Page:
Drugs in Samoa: from the margins to the mainstream
The arrest of the country’s second senior-most acting electoral official came as a shock but not a surprise.
As is chronicled on today’s front page, police arrested Assistant Election Commissioner, Afualo Daryl Mapu, in a Tuesday night raid that uncovered hard drugs, guns and cash.
Another employee from the Office of the Electoral Commission, a woman whose name and position are unspecified, were arrested in the same police bust.
We have been increasingly seeing and heeding warnings about the presence of drugs in Samoa’s society.
The evidence of the cultivation en masse of less potent recreational drugs has been mounting now for some time.
Two years ago we saw the war on drugs in Samoa, under the helm of former Commissioner Fuiavaili'ili Egon Keil, reach what was then a peak.
Fuiava, whose determination to put new technology and large displays of force to work disrupting drug rings in hostile parts of the country is a significant part of his legacy, unmasked the growing and organised face of drug crime in the nation.
A late 2019 raid involving 100 plainclothes and uniformed police officers, members of the force busted a drug ring in Faleatiu.
In what was billed as the largest drug bust in the country’s history, Police, guided by aerial drones, swooped to seize some 10,000 marijuana plants, firearms, methamphetamine and an undisclosed amount of currency.
An armed standoff was eventually defused before six people were taken into custody.
Almost precisely a year later, similar scenes played out when police made off with a slightly smaller haul of 4000 marijuana plants and three suspects following another armed raid in the mountains of Satapuaala and Faleatiu.
These were nobly motivated and well intentioned attempts to kill off the nation’s problem with illicit drugs at its source. And they were commendable and innovative examples of police work, indeed.
But Samoa is today learning the same hard lesson that American authorities did over the last half-century as they led a global war on drugs.
That phenomenon is something that economists call displacement. When demand for a product, legal or illegal is high enough, and the rewards of its production are too, any clamp down on its production in one area will simply result in an increase in another. It is now being alleged that one of the most senior bureaucrats in the nation was using it and doing so indiscreetly.
For this reason, America’s national and global anti-drugs effort was often characterised as like seizing a balloon: raids in one country would simply push production to another; crackdowns in one neighbourhood would push drug sales to another.
Since these enormous hauls by law enforcement, we have seen a steady drumbeat of examples that are proof of this principle in action.
Drugs have not stopped entering Samoa despite the regular drumbeat of news about the arrest of those involved in their consumption or distribution.
Again it was only a year ago that a joint operation by the Ministry of Customs and Revenue and the police foiled an attempt to conceal methamphetamine consignments inside consumer packages on shipments coming into Samoa from overseas.
Despite the size of the seizure, that apparently did little to stop the drug’s presence on our streets.
We saw evidence of as much a little more than a week ago when a raid on a safehouse known to police resulted in (re)arrests of suspects allegedly involved in a conspiracy to distribute it on the streets. Another $20,000 worth of methamphetamine was seized after police raided the same Ma’ali Street property for the second time in a year.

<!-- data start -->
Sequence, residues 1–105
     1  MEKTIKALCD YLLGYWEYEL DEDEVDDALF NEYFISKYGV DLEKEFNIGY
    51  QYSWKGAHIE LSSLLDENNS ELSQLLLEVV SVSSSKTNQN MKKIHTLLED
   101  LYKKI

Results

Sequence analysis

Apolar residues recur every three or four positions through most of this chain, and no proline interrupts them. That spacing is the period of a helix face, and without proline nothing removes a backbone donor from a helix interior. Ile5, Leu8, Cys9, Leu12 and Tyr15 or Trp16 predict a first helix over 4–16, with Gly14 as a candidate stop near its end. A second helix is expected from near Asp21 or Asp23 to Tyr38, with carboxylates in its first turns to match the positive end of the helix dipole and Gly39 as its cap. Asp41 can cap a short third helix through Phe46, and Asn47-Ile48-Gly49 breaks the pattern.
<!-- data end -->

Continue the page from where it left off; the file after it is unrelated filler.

This week’s raid involving Afualo teaches us another two difficult lessons about the drug trade in Samoa.
The first is that no matter how many high-profile raids are conducted by police and paraded before the public, there are undoubtedly many more that are missed.
Even in the best-resourced country in the world, America’s Coast Guard has seldom estimated that it is able to intercept much more than 10 per cent of the illicit substances smuggled onto America’s shores each year. Suffice to say, our police forces are significantly less well resourced.
The second is what the raid involving one of the nation’s most senior public servants and his subordinates symbolises.
There are more facts to be uncovered about this case, to be sure, importantly Afualo’s own testimony or explanation for his alleged involvement.
But comments made to the Samoa Observer by the Deputy Police Commissioner, Auapaau Logoitino Filipo, provide a telling insight that suggests police will allege he was acting with impunity while in possession of illicit substances and weaponry.
“We received a lot of complaints from the public regarding this household and we had to act,” said Auapaau.
“The household has been on our radar for quite some time and when we received the complaints we acted and moved in last night.”
If the above mentioned raids were watershed moments in recent Samoan policing history, then here we have one in the penetration of drugs into our society.
If there is anything to learn from our recent history, it is very difficult to succeed by using force to halt the march of drug consumption.
Our neighbours, Fiji, American Samoa and Tonga, have shown that by dint of our geography we lie at the dead centre of an international drug trafficking highway which carries an immense risk of exposure to drugs and all the social problems that come with them.
Until now, the presence and use of heavy drugs in Samoa has not left the same imprint as it has upon other nations, especially Tonga, where the ravages of the drug trade have become one of the country’s foremost social and political issues.
The use of drugs in Samoa is moving or has gone from the margins to the mainstream. How we handle this change will do much to define us as a nation.